Wave packets in a bifurcating region of an energy landscape: DielsAlder dimerization of cyclopentadiene
View Description Hide DescriptionQuantum dynamics in a valley ridge inflection (VRI) point region is analyzed in the case of the DielsAlder endodimerization of cyclopentadiene pointed out recently by [Caramella et al., J. Am. Chem. Soc.124, 1130 (2002)]. The VRI point is located along the reaction path connecting the bispericyclic symmetrical transition structure put in evidence by Caramella et al. and the transition state of the Cope rearrangement. Dynamics is carried out by using constrained Hamiltonian methodology. The active coordinates are the first formed C–C bond length and the difference between the two other C–C bond lengths which achieve the dimerization as or adducts. A twodimensional (2D) minimumenergy surface have been computed at the Becke 3 Lee–Yong–Parr∕ level. The energy landscape can be classified as an uphill ridgepitchfork VRI bifurcation according to a recent classification of bifurcation events [W. Quapp, J. Mol. Struct.695–696, 95 (2004)]. Dynamics does not describe the thermal reaction but concerns wave packets which could be prepared by pulse reagents, i.e., by coherent control. We analyze how the shape and initial location on the ground potentialenergy surface are linked to the synchronous or asynchronous mechanism of the final step after the first transition state. We use a onedimensional model of optimum control theory to check the feasibility of such a coherent preparation. The wavepacket evolution in the VRI domain is well explained by semiclassical predictions even with the negative curvature of the unstable ridge. Finally, a crude model of dissipation has been introduced to test the stability of the 2D predictions.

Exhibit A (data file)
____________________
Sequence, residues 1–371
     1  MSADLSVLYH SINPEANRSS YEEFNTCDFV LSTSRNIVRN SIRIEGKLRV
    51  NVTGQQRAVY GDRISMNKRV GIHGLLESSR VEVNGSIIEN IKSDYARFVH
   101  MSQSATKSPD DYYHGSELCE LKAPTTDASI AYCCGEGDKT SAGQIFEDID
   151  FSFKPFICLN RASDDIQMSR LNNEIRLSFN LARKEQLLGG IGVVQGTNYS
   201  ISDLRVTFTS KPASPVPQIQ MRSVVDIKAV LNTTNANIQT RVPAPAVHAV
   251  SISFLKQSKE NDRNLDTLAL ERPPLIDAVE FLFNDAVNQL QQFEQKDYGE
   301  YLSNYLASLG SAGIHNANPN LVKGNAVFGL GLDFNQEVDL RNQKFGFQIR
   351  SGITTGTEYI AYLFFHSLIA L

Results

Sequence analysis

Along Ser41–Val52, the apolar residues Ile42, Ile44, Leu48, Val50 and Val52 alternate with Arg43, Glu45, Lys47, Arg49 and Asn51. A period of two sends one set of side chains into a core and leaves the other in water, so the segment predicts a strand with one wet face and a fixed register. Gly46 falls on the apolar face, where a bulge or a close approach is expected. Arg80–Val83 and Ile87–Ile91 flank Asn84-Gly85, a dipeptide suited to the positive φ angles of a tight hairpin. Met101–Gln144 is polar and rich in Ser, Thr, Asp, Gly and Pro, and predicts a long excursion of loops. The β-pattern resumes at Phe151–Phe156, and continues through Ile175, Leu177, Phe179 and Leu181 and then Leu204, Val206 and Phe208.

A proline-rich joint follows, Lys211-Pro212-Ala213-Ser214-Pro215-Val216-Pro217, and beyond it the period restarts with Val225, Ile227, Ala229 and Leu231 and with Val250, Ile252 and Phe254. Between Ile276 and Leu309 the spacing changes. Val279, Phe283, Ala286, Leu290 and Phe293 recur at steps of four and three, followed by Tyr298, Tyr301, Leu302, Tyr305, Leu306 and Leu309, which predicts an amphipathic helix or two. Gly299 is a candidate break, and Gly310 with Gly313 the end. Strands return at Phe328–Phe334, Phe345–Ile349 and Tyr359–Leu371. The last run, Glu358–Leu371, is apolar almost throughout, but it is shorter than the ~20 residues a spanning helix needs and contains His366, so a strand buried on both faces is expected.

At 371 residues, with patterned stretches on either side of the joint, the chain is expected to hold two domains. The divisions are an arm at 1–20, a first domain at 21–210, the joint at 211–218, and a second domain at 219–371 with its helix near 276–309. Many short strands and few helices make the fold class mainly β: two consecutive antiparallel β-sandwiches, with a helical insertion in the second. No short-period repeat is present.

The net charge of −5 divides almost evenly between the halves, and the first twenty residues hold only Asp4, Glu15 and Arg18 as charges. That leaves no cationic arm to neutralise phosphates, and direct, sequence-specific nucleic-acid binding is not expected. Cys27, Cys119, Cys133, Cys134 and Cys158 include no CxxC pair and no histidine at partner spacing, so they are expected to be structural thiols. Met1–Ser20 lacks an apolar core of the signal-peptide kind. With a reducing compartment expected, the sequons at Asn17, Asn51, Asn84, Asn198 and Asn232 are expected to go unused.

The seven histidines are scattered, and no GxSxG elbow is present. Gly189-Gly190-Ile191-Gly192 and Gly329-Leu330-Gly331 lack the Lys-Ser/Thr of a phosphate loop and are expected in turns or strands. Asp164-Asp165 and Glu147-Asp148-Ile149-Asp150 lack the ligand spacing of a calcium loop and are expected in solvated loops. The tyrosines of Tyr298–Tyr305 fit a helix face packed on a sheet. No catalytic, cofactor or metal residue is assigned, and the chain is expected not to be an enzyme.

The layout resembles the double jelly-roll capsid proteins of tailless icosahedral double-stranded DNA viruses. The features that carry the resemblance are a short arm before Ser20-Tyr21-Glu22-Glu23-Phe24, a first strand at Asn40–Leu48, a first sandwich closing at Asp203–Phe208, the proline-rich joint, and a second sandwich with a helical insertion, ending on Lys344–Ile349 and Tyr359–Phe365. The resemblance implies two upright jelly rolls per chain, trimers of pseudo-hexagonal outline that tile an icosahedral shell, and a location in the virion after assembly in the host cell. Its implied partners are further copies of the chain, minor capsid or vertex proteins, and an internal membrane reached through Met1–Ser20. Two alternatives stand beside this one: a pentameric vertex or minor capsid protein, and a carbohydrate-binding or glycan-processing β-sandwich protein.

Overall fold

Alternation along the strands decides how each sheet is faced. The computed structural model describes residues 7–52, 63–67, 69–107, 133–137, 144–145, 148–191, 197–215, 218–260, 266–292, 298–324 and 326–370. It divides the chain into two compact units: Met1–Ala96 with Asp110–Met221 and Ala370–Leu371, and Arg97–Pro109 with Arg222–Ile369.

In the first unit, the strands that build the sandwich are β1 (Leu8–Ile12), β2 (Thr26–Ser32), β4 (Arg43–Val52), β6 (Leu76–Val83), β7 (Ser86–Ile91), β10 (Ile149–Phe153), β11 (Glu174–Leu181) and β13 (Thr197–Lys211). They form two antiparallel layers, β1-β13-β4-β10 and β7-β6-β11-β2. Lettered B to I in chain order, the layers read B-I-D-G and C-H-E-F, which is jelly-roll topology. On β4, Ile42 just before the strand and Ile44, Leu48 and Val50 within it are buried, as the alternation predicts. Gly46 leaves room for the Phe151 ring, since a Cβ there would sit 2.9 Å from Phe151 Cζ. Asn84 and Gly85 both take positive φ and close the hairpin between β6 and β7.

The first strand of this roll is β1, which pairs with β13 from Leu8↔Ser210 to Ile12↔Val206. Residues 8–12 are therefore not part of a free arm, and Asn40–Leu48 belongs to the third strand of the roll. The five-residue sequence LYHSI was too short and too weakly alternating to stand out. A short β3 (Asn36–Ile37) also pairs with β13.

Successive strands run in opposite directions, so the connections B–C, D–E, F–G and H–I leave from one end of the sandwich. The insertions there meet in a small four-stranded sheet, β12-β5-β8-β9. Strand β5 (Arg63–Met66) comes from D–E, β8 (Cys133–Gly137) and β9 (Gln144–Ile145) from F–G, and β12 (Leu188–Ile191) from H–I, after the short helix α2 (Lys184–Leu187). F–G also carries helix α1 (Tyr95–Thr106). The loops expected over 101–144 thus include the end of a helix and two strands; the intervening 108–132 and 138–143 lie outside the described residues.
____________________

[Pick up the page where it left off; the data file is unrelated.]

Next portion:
NonBorn–Oppenheimer molecular structure and oneparticle densities for
View Description Hide DescriptionWe show that the nonadiabatic (nonBorn–Oppenheimer) ground state of a threenuclei system can be effectively calculated with the use of an explicitly correlated Gaussian basis set with floating centers. Sample calculations performed for the system with various basis set sizes show good convergence with respect to both the total energy and the expectation values of the internuclear distances (molecular geometry), the distances between the nuclei and the electrons, and between the electrons. We also provide a derivation of the formulas for oneparticle density calculations and some density plots showing the spatial distribution of the nuclear and electronic densities.

Hydrogenbonded acetic acid dimers: Anharmonic coupling and linear infrared spectra studied with densityfunctional theory